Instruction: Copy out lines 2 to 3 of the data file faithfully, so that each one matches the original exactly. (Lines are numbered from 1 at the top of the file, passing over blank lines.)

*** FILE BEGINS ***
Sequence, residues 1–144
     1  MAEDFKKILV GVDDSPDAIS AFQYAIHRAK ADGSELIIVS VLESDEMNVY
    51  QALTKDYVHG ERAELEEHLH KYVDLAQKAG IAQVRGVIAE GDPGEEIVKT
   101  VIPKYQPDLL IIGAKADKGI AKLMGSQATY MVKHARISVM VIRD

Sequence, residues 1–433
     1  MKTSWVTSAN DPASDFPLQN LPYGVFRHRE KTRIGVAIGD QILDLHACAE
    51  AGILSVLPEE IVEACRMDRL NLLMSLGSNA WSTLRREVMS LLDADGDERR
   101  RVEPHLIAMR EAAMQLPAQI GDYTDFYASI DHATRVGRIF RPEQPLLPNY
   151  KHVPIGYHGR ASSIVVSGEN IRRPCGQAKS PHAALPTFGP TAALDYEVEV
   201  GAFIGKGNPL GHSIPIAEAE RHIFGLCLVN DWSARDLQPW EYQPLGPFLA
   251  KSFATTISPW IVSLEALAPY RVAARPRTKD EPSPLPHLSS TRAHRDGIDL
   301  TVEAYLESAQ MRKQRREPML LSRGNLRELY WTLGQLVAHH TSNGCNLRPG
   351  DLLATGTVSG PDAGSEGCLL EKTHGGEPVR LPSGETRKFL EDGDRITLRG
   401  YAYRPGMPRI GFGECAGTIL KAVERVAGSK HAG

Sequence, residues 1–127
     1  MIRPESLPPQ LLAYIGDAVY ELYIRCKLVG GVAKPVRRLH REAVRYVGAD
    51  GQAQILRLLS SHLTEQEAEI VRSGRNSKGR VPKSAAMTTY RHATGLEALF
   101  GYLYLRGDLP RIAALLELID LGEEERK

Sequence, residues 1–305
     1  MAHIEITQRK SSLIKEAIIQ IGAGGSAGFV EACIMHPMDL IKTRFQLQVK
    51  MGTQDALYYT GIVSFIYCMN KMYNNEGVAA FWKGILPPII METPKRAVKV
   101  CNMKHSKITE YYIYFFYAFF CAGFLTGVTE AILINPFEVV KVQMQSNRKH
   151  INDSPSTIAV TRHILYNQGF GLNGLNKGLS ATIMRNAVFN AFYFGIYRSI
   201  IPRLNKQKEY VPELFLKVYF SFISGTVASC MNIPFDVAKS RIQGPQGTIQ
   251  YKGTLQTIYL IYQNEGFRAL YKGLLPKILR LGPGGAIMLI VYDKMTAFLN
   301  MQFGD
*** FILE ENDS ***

     1  MAEDFKKILV GVDDSPDAIS AFQYAIHRAK ADGSELIIVS VLESDEMNVY
    51  QALTKDYVHG ERAELEEHLH KYVDLAQKAG IAQVRGVIAE GDPGEEIVKT